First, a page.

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Norval Morrisseau dealt with signing off the papers with a "white man" in a very "indian way". In 1962 when Jack Pollock wanted to drew up a standard consignment with Norval Morrisseau in connection with paintings to be exhibited in his first public showing at The Pollock Gallery in Toronto, Norval Morrisseau "glanced at the form and tore it to shreds, quoting his grandfather, 'White man's papers are absolutely worthless and not to be believed."*
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* - quotation from page 18 in "The Art of Norval Morrisseau" /Sinclair, Lister, Jack Pollock, and Norval Morrisseau/ -Toronto, Ontario: Methuen, 1979; ISBN: 0-458-93820-3/
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The individuals involved in this conspiracy state that 'no gallery officially representing the artist standing behind these paintings'. Also they state that 'no Jack Pollock label has ever been found on any of these purported Morrisseau paintings. Yet all those '70s painting were supposed to have been done during the strongest period in the Morrisseau - Pollock connection. Which then over-lapped with the period Norval spent with a couple of apprentices.'
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MANY PEOPLE KNOW that majority of the Norval Morrisseau's paintings were not acquired from the artist's "official representatives" such are The Pollock Gallery and Kinsman Robinson Galleries but directly from the artist.
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There are large quantity of Norval Morrisseau's paintings offered door-to-door by the artist and sold for a pure survival and many were just given away as his appreciation towards people that assisted him along his life's journey. Many times Norval Morrisseau would acquire 'the things of interest' by providing a number of paintings for an exchange. There had been moments where he would be 'entertained' by male escorts from Vancouver, flying to Thunder Bay, and they would demand 'a specific number of paintings' rather than money 'for services rendered'.
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There is also a well known case when the group of lawyers from Thunder Bay purchased large number of paintings from Norval Morrisseau to use them as a tax write-off. Donald C. Robinson of Kinsman Robinson Galleries commisioned a 270 page report for 211 Norval Morrisseau paintings that lawyers Zelinski, Whent and Pustina of Thunder Bay, Ontario purchased from 1984 to 1986 (click HERE to read a thank you letter to Donald C. Robinson written and signed by Nicholas J. Pustina & click HERE for more information about this court case). It is strange that in 2005 Donald C. Robinson in Kinsman Robinson Galleries' publication "NORVAL MORRISSEAU - Return to the House of Invention" stated the following which was contrary to the information presented in this exhibit and elswhere: "The 1980s were turbulent years for Norval. After his break from the Pollock Gallery and its final collapse in 1983, the artist's productive life was seriously interrupted by bouts of destructive alcoholism. His artistic productivity was next-to-nothing during these periods." (see Page 144)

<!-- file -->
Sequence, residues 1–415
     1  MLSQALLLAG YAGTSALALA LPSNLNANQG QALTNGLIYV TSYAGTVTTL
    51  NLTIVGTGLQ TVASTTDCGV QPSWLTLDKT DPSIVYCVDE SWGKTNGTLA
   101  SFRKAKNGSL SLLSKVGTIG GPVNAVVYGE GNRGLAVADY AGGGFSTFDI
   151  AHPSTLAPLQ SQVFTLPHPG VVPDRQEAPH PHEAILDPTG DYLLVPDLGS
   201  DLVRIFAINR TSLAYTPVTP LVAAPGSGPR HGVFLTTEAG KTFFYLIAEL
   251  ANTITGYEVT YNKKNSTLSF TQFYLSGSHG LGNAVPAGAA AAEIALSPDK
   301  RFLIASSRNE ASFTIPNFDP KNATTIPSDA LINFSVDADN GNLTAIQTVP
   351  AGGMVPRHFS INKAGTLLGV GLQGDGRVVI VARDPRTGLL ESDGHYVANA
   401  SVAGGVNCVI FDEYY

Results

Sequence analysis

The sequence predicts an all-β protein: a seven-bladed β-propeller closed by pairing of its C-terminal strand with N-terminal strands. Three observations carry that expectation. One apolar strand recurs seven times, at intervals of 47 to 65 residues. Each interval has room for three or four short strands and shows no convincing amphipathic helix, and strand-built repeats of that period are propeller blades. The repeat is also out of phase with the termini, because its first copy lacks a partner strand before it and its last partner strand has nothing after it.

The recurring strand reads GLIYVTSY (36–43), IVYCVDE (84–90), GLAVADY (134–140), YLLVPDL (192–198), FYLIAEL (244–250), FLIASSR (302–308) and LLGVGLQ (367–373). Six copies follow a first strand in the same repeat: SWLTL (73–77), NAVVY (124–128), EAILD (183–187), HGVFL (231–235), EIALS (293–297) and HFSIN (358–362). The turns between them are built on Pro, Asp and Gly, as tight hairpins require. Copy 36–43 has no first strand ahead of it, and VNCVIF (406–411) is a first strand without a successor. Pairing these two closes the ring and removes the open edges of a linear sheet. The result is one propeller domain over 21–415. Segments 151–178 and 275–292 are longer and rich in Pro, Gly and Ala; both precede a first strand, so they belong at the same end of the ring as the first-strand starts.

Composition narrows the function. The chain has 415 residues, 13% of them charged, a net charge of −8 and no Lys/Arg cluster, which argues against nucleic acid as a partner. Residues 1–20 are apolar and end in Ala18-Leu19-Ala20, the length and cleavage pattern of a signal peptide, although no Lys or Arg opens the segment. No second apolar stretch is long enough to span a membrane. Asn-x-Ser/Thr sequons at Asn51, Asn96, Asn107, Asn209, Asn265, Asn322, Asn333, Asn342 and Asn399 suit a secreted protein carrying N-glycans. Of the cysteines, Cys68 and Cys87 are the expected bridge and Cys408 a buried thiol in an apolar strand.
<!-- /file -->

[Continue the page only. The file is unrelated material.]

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>>> NONE OF THESE PAINTINGS MENTIONED HEREIN HAVE GALLERY STICKERS AND/OR BILLS OF SALE FROM THE 'OFFICIAL REPRESENTATIVES' & THERE ARE THOUSANDS OF THEM, MANY OF WHICH ENDED IN PRIVATE COLLECTIONS, GALLERIES, MUSEUMS AND AUCTION HOUSES ALL OVER NORTH AMERICA AND BEYOND. <<<
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NOTE: It is a shame that gallery who claims to be a 'Norval Morrisseau principal dealer' treats disrespectfully paintings that they do not own and glorify the artworks on their gallery's 'Morrisseau inventory list' rather than treating every Norval Morrisseau artwork with same respect. It is obvious that their agenda is to 'what benefits them' and not 'what would the general public be able to benefit from' (see Exhibit No. 14).
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Norval Morrisseau Conspiracy Unveiled (Part III)

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Exhibit No. 2
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~ Dated June 3rd, 1993
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- Norval Morrisseau's request from Maslak McLeod Gallery not to use reproductions of his art. (Signed by the artist)
/Click on image to enlarge/

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NOTE: No mention by Norval Morrisseau of "fakes and imitations" in this registered letter dated June 3rd, 1993. This letter shows that Maslak McLeod Gallery was not to reproduce his art in any form, in whole or in part, without his written consent from that day forward.
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Norval Morrisseau Conspiracy Unveiled (Part IV)

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Exhibit No. 3
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This exhibit involves visit by Norval Morrisseau who together with Gabor (Gabe) Vadas attended the Sacred Ceremony on Manitoulin Island in September 1999. They spent on the island couple of weeks and Norval Morrisseau painted several paintings at Nimkee Art Gallery.